You might be familiar with the fisherman’s tale of the kraken — an enormous squid-like monster that attacks merchant ships. There’s even a brand of rum with the creature’s namesake, not to mention a certain family from the Iron Islands.

But while krakens are strictly the stuff of Norse myth, there's a nearly identical animal that actually exists in Antarctic waters: the colossal squid.

Months ago, during the southern hemisphere’s last summer, a fishing vessel encountered one in the remote Ross Sea off the coast of Antarctica. According to the ship’s captain, the squid was partially alive, still hanging onto a fish with one of its tentacles.

In this Dec. 2013 photo provided by a crew member of the boat San Aspring of New Zealand fishing company Sanford, Capt. John Bennett shows a colossal squid he and and his crew caught on the boat in Antarctica's remote Ross Sea. The creature was caught a mile below the surface.

AP Photo/San Aspring crew of Sanford fishing company

The female specimen had been kept frozen in a New Zealand laboratory since then. Recently, scientists defrosted it and began the dissection process — after hoisting it into an examination tank with a forklift.

When they say colossal, they mean it. Each of the squid’s eight arms is around three feet long, and it weighs a whopping 770 pounds.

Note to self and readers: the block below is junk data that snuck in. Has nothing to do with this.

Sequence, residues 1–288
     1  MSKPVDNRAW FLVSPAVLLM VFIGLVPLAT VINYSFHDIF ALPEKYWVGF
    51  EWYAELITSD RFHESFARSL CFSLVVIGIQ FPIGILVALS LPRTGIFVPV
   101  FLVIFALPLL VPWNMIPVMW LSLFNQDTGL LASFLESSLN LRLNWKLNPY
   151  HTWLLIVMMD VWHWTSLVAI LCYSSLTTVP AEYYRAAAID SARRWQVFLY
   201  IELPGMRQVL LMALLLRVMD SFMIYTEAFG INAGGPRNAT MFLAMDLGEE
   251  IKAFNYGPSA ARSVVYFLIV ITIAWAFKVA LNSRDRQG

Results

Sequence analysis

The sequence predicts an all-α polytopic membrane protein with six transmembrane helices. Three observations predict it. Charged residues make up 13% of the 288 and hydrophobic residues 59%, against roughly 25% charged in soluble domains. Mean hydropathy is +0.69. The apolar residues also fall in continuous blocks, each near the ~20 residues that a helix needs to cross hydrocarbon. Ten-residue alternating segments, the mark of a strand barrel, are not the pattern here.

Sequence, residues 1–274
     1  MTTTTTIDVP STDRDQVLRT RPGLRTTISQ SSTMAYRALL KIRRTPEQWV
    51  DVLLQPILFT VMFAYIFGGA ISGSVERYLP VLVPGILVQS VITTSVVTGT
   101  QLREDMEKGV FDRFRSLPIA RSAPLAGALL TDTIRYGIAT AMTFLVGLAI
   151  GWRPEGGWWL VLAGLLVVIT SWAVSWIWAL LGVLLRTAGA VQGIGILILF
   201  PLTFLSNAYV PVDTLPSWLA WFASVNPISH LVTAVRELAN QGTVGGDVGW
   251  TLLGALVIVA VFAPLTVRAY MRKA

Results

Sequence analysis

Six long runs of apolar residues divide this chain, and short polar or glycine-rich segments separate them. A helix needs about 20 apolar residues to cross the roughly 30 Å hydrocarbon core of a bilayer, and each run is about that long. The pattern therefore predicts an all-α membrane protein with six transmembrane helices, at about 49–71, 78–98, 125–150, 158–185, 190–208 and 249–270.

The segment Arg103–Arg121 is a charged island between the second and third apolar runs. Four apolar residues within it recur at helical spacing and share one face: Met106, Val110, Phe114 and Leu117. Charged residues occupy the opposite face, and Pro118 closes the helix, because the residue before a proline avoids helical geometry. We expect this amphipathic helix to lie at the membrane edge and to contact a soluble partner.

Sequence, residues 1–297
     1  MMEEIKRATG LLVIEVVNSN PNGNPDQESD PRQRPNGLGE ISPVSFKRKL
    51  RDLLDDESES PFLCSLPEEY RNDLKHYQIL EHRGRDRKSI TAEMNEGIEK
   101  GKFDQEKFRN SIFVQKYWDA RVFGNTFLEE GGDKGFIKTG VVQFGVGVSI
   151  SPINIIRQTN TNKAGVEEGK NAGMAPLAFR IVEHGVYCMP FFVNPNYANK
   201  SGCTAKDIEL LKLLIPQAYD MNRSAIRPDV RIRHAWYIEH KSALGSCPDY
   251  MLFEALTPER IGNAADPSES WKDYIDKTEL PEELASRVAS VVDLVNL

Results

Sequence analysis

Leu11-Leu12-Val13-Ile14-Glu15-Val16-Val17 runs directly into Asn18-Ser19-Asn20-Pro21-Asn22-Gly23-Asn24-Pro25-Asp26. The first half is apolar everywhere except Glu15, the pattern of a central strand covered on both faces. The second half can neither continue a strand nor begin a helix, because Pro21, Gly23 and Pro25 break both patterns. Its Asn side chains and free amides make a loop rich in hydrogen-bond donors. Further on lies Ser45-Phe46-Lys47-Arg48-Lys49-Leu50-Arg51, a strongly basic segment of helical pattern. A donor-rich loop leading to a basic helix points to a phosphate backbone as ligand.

The animal is nearly entirely intact, which makes for a great research opportunity. It is only the second intact colossal squid ever discovered. The other was found in 2008 and is now displayed at the Museum of New Zealand.

And while it isn’t a kraken by any stretch — colossal squids aren’t thought to be aggressive — the creature may have inspired the popular tale.

Dr. Kat Bolstad of Auckland University gave BBC News a theory as to how the squid and the legend might have arisen. Sperm whales are thought to eat them, according to Bolstad, and “are known to play with their food. So it might well be that they’ve sort of caught these large squids, brought them up to surface, sort of thrown them in the air — in what may look, from a distance, like an epic battle,” Bolstad told BBC News.

Courtesy of the museum, approximately 142,000 people from 180 countries tuned into a live web stream of the dissection on September 16. If you want all the slimy details, here's the video.

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